AYLIFFE, Frank Keith (Army 259)

AYLIFFE, Frank Keith (Army 259), studio portrait
Studio portrait of Frank Keith AYLIFFE, the photographer is unknown. This image was downloaded from the Australian War Memorial on 22 April 2013.

259 Sergeant Frank Keith AYLIFFE

Frank Keith AYLIFFE was born in 1894 at Silverton (NSW), the fourth child of Frank Hamilton AYLIFFE and Elizabeth Hamilton AYLIFFE (nee DAVISON). His family had moved to Myponga where his father managed the timber plantation at Mount Jagged for the Zinc Corporation. Frank was a stockman working in the Broken Hill area when he enlisted in the 1st AIF on 20 August 1914. Brother James had enlisted the day before, whilst brother William would later enlist on 15 September 1916.

Frank was posted to ‘B’ Squadron of the 3rd Light Horse Regiment (3LHR), which embarked from Adelaide on 22 October 1914. Brother James was onboard also, having been posted to the Third. The Regiment disembarked in Egypt in the second week of December and joined the 1st and 2nd Light Regiments to form the 1st Light Horse Brigade.

The 1st Light Horse Brigade deployed to Gallipoli without its horses and 3LHR landed there on 9 May 1915, joining the New Zealand and Australian Division. The 3rd Light Horse played a defensive role throughout the campaign and was in reserve when its sister regiments attacked as part of the August offensive. Frank was promoted temporary corporal when one of the Squadron NCO took sick and was evacuated. The Regiment left Gallipoli on 14 December 1915. His rank of corporal became substantive on 29 December.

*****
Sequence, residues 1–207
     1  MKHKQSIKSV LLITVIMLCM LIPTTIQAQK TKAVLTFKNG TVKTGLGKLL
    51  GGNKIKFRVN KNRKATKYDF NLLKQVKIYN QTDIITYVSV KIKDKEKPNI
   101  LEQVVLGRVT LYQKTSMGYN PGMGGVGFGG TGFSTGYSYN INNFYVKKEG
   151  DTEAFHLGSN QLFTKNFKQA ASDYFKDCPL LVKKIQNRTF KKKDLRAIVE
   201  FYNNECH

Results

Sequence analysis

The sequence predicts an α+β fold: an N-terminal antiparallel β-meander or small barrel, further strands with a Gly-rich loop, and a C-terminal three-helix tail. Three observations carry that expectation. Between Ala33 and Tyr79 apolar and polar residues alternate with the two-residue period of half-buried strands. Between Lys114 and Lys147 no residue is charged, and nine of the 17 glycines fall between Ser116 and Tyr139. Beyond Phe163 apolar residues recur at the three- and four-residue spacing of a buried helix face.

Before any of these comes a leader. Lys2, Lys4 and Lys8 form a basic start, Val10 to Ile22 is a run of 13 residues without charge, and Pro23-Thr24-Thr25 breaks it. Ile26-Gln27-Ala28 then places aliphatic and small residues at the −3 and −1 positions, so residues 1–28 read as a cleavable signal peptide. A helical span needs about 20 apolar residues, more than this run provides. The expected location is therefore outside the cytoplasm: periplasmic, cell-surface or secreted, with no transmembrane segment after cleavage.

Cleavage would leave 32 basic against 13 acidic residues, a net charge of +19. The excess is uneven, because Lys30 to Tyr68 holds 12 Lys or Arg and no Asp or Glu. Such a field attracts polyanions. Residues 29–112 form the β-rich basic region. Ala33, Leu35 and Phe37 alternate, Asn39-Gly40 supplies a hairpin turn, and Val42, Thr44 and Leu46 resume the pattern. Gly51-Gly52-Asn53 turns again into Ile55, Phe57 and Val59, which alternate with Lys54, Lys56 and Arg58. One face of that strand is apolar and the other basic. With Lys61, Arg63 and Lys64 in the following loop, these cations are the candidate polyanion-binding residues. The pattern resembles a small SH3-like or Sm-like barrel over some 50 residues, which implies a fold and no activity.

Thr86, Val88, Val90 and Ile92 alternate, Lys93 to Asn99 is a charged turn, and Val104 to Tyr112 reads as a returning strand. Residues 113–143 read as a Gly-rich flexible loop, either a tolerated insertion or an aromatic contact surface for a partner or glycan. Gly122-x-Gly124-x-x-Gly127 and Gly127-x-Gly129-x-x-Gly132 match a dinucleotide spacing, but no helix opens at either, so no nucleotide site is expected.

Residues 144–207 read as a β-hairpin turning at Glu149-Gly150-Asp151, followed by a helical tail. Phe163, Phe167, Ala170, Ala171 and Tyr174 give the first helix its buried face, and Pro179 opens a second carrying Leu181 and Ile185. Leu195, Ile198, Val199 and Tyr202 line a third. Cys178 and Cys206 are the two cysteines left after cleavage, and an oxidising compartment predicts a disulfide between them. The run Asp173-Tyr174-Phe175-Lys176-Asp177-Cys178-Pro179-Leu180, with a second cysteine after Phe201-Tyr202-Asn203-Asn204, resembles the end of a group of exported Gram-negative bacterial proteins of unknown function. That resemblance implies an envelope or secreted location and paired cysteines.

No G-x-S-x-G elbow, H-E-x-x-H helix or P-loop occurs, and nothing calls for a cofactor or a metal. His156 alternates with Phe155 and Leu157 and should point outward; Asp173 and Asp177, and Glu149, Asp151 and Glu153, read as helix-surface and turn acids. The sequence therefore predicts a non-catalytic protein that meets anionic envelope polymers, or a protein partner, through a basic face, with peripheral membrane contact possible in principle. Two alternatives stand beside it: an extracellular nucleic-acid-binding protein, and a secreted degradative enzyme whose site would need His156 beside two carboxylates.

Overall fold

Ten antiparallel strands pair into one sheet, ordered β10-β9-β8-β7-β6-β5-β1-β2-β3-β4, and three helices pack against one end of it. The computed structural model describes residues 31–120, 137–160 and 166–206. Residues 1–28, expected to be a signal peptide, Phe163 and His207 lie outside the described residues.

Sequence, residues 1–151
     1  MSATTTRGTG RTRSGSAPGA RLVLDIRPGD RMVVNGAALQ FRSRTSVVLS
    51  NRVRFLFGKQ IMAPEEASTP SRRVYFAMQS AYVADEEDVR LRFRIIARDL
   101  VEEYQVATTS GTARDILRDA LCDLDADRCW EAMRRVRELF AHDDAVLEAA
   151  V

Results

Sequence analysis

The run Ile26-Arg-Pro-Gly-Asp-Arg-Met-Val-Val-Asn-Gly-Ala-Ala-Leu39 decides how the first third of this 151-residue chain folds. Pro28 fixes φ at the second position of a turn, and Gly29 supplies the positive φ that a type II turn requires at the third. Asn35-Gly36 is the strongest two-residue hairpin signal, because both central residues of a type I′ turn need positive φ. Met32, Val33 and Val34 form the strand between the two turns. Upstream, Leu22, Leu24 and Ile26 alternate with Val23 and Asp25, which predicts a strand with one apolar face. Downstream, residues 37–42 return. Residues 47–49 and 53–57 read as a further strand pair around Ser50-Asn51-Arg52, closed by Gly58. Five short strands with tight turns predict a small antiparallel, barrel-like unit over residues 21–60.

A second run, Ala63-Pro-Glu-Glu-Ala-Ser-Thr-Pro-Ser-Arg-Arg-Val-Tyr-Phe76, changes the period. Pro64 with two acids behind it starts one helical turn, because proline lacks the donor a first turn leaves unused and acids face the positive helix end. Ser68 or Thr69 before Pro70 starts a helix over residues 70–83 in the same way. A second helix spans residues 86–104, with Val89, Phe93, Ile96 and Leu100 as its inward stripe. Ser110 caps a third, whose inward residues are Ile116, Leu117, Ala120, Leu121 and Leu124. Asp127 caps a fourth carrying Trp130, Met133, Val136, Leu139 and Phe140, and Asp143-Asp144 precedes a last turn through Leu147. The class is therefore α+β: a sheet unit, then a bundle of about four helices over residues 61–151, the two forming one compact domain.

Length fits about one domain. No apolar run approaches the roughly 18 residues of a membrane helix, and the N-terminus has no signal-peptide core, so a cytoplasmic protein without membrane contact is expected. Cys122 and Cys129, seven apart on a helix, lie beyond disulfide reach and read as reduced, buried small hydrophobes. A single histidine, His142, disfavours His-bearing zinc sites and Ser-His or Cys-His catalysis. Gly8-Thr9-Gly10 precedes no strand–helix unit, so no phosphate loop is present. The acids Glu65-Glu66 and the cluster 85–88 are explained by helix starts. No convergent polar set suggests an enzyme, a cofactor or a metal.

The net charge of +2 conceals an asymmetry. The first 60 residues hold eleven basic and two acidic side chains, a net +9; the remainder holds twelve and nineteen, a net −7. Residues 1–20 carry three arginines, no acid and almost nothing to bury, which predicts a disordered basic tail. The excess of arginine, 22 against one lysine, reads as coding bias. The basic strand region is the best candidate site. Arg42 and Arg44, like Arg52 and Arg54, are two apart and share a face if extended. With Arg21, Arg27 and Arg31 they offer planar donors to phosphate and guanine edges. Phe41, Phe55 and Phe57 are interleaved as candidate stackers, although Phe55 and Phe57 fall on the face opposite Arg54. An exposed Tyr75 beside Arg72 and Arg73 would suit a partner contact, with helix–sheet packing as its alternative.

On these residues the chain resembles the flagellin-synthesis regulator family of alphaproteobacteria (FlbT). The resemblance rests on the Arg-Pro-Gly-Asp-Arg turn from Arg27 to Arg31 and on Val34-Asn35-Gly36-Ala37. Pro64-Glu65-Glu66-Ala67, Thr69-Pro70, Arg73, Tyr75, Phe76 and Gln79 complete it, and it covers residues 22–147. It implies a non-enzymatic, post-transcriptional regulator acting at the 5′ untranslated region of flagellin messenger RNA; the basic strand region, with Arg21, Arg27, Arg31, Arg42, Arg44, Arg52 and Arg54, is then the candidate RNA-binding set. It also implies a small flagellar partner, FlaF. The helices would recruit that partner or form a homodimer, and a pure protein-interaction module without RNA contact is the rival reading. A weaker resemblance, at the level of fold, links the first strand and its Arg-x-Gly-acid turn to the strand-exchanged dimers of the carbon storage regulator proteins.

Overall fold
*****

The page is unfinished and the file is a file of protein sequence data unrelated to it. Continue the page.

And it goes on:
Back in Egypt, the 3rd Light Horse joined the ANZAC Mounted Division. Between January and May 1916, the Regiment was deployed to protect the Nile Valley from bands of pro-Turkish Senussi Arabs. On 18 May, as part of its parent Brigade, it joined the forces defending the Suez Canal. The 1st Light Horse Brigade played a significant role in turning back the Turkish advance on the canal at the battle of Romani on 4 August. In ensuing days the regiments of the brigade participated in the immediate follow-up of the defeated Turks, but were soon withdrawn to rest.

On 15 January 1916, Frank was promoted to sergeant (temporary). In May 1916 he was transferred to the Details Depot at Tel-e-Kebir for transfer to the 4th Division Artillery. This posting resulted from the ‘doubling if the divisions’ when the AIF was quickly expanded to allow for the movement of divisions to France. At that same time, Frank reverted to his corporal rank.